Employers do everything possible to prevent a hiring mistake. This includes heeding “red flags” during an interview. Ill-preparedness is how these flags are waved. To avoid this fate, take these steps to prepare for the interview, nail it, and get the offer.
KNOW THE COMPANY AND THE JOB
This is a deeper assignment than it seems. Knowing the company means knowing everything that can be known, from the mission to the people. Do more than skim a website. For example, study articles by or about the leadership of the company and others you will be meeting. The more insight gained, the better you will display an understanding of the company’s culture and accomplishments.
Knowing the job also requires research. Create opportunities to gather information. By networking, you can learn about the position from HR, or another employee, before the interview. The more information you have, the more you can demonstrate that you’re capable of doing the job.
SPEAK AS IF YOU’RE ALREADY DOING THE JOB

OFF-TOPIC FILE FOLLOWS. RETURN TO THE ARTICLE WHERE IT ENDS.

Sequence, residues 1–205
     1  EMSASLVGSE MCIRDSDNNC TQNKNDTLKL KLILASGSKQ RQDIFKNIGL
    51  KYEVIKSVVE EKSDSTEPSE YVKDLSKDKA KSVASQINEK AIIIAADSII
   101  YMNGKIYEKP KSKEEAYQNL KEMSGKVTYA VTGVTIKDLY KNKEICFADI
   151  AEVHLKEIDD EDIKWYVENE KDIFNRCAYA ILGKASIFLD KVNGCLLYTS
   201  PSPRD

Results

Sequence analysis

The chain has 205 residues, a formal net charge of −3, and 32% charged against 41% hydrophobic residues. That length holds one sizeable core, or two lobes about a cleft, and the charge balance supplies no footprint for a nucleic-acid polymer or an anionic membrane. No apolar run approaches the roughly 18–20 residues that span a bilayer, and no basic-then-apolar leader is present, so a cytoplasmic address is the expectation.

People who get promotions typically take on the associated responsibilities before they’re granted the role. During your interview, apply past work experience to describe how you will succeed in the new position. This will instill confidence that you are able to step in and make contributions immediately.
USE YOUR EARS MORE THAN YOUR MOUTH
If you really want the job, rehearse. The night before, get a friend to play interviewer and practice every answer. Interviews never go exactly as rehearsed, however, so listen carefully to what’s being asked. Take a moment to consider the unforeseen question. A pause to think never takes as long as it seems. Contemplation is a sign of professionalism and confidence. That pause allows you to find the answer and state it succinctly.
LEAVE ON A HIGH NOTE
Start on a high note too. Everyone should find you positive and professional throughout your interview. As the meeting comes to an end, you will be asked if you have questions. This is your chance to shine. Ask what they hope you will accomplish soon after starting, or what you can do to prove you are the best candidate. Leaving on a high note includes what you do after you have left. Within a day, send thanks via email. Follow up with a physical note soon after.
I have interviewed dozens upon dozens of people. Many had put countless hours into developing a strong portfolio but it seemed only a few minutes into preparing for the interview. Many times, the result was a face-first fall at the finish line. Realizing the importance of interview preparation will keep you from a similar fate.